Trinity Falls, Wallibou
Trinity Falls, Wallibou | Saturday 8 August 1998

It was a long, hot walk, and a dip in the cold river water was something Bhavna, and I looked forward to! The beauty that unfolded in front of us was terrific; three powerful waterfalls tumbled into a wide river basin and then flowed into another basin below. The water was cold, but rock slabs warmed us as we basked in the sun. I could feel the strong pull of the water. We nestled in between the rocks and had a blast.

Due partly to landslides and floodwaters that have washed away rainforest and bushes above the falls, the conditions at the waterfall are hazardous. Trinity Falls has been declared a danger zone and is closed to visitors.


I think it’s interesting how memory works. When I saw this week’s Len’s Artists Photo Challenge topic, Three of a Kind, I struggled with what I would do. Should I go out looking for subject matter? Should I pull something from the Adobe Lightroom catalogue? I launched Adobe Lightroom, and I was presented with a scanned photograph of my Acura Integra that I had edited a few days earlier. While looking at the photo, I noticed that it had a date of August 1998, but it was stored in the 1996 folder. I moved the photo to the August 1998 folder and immediately saw some photographs from my brother’s wedding taken that same month. While looking at the pictures from the wedding, I saw the photos of the waterfall. I did not remember which waterfall I had photographed, so off to Google, I went. It wasn’t until after I realised that they were of Trinity Falls that I had my response to the challenge.

Was this serendipity, or did my mind lead me to this?


Apologies for the quality of these photographs. When we took this vacation, APS film was being pushed by Kodak as the future of film photography. I was ignorant and bought into the hype. I purchased an APS film camera and several rolls of APS film, which was the worst camera to bring on a vacation. The quality of APS film was inferior to the 35mm film format it was intended to replace. 35mm film is still made and sold, but APS (along with Kodak) was relegated to the dustbin of history.


  1. When I was in high school, my Uncle Clifford took me, my brothers and some cousins to hike to the top of the La Soufrière volcano. Uncle Clifford was the Chief Surveyor for the government of St. Vincentian. He knew all the cool places to visit and how to get to them. 

Hiking Buttermilk Falls in Washington Valley Park

It rained Friday evening, and all of Saturday and many of the local roads and bridges were underwater. I was bored and feeling anxious about being cooped up inside the house all weekend. Sunday after the cloud parted and the sun radiation some rays of warmth. When Bhavna woke up, I suggested we make the best of the day and go out for a hike. She expected that the trails would be muddy and reluctantly agreed to come with me if I first took her car to the car wash.

I learned about Buttermilk Falls from a link shared by NJ Spots. Located in Washington Valley Park, The “falls” are humanmade with the overflow from a damn pouring onto the rocks below. I did not know this before we set off on our adventure. Buttermilk Falls must be a popular name for waterfalls in the USA. I have visited Buttermilk Falls in Ithaca, New York, Buttermilk Falls in the Delaware Water Gap near Stokes State Forest, New Jersey .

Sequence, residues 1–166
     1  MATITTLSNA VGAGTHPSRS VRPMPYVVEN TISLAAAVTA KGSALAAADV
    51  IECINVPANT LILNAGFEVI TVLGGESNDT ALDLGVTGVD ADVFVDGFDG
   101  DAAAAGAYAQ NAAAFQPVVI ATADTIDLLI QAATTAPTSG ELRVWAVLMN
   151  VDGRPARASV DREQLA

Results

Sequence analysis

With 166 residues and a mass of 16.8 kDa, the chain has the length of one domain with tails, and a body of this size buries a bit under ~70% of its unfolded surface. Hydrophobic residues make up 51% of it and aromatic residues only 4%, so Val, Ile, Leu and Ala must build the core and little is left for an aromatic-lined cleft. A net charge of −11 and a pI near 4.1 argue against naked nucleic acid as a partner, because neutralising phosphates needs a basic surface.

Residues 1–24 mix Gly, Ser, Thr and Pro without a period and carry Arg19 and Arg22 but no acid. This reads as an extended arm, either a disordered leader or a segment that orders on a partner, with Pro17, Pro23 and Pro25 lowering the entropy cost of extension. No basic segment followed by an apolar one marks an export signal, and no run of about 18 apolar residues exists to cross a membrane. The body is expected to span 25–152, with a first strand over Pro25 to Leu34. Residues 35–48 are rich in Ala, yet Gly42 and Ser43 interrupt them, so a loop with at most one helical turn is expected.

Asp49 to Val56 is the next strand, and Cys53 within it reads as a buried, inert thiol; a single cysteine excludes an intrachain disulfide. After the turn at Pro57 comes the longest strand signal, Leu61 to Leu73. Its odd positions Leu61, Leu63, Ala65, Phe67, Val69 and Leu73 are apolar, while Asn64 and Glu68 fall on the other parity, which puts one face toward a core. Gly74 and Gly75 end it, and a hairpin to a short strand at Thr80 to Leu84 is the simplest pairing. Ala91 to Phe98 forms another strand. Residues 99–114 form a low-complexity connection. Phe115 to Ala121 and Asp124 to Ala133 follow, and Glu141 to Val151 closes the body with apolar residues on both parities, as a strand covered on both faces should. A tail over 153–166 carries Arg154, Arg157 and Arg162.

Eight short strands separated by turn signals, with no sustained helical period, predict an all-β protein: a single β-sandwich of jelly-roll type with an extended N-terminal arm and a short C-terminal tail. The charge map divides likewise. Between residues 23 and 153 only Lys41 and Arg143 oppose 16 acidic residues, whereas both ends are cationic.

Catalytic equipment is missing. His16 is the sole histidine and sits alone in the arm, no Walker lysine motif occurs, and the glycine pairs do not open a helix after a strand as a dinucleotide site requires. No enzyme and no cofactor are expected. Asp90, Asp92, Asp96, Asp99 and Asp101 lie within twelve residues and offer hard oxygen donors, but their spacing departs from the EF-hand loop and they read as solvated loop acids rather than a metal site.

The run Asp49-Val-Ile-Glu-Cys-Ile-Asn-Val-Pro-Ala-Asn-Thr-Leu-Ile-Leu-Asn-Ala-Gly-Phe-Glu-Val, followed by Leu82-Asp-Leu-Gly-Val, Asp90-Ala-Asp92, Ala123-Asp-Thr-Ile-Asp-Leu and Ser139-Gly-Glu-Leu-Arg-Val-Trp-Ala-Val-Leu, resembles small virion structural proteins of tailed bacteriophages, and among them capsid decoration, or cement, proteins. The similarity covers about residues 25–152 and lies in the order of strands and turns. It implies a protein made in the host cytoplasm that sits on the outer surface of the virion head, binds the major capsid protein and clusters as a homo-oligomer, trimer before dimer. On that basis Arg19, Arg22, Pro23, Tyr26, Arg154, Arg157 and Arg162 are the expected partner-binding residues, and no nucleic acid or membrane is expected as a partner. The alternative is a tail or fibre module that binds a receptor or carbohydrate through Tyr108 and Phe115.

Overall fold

We had some challenges finding the proper path to the waterfall. The information provided by NJ Spots is incomplete, with no information on where to park or which trail would help us approach the falls from the right direction. I parked in Chimney Rock Park near the football field, and Bhavna and I scrolled through Google Maps looking for an access point to the falls. We saw a few trails on the map and noticed a marked parking spot on Gilbride Road. A few minutes later, we were parked and took the first trail we found, which after a few minutes of slipping and sliding in the mud, we realized was the wrong trail. Back out to Gilbride Road, and we found a new trailhead. We knew we were on the right path since we met and asked a couple of hikers who were exiting the trail.

We used Google Maps to navigate the path. This was the first time using Google Maps in this way. Google Maps told us to follow the yellow marked trail, calling which way to go when we met a fork in the trail.

The trail was filled with small and large rounds, surrounded on both sides by a steep terrain. The lower terrain followed a rocky and soggy embankment down to the water.

I saw many felled trees, large and small, many of which looked like they had perished in a forest fire.

There were large green hues boulders above and below the trail some of which were still covered in snow.

As we approached the f,alls we met other people on the trail path who were hiking in the same direction. I was disappointed when I get to the waterfall.

First, the waterfall is man made and I found the fencing around the dammed area distracting. Second, there was no safe way to get a good angle for a photographically please point of view of the waterfall. I was also concerned about the number of people walking past me, jostling to stand above the water. Third, I had only my iPhone 11 Pro, which, though a good camera, I t,hink lacks the image quality I thing is necessary to capture the scene.

Bhavna and I moved further up the trail and found a less crowded area among the large boulders and trees to get a better view of the falls.

I wish I had my tripod with me. It was challenging to get long exposure shots while trying to steady the iPhone agains rocks and twigs.

The best part of the hike was the hike back to the car. Bhavna and I got to chat about our plans for adventures after the kids are back to college for the winter/spring semester.

Apple iPhone 11 Pro | iPhone 11 Pro back camera 1.54mm f/2.4 | f/2.4
Apple iPhone 11 Pro | iPhone 11 Pro back camera 1.54mm f/2.4 | f/2.4
Apple iPhone 11 Pro | iPhone 11 Pro back camera 1.54mm f/2.4 | f/2.4
Apple iPhone 11 Pro | iPhone 11 Pro back camera 6mm f/2 | f/2.0
I think there was a fire here some time ago. | Apple iPhone 11 Pro | iPhone 11 Pro back camera 1.54mm f/2.4 | f/2.4
The Great Ice Melt | Apple iPhone 11 Pro | iPhone 11 Pro back camera 1.54mm f/2.4 | f/2.4
I love this patterned piece of wood. | Apple iPhone 11 Pro | iPhone 11 Pro back camera 6mm f/2 | f/2.0
Buttermilk Falls, Washington Valley Park, East Branch, Somerset County | Apple iPhone 11 Pro | iPhone 11 Pro back camera 1.54mm f/2.4 | f/2.4
Buttermilk Falls, Washington Valley Park, East Branch, Somerset County | Apple iPhone 11 Pro | iPhone 11 Pro back camera 6mm f/2 | f/2.0
Bhavna and me | Apple iPhone 11 Pro | iPhone 11 Pro front camera 2.71mm f/2.2 | f/2.2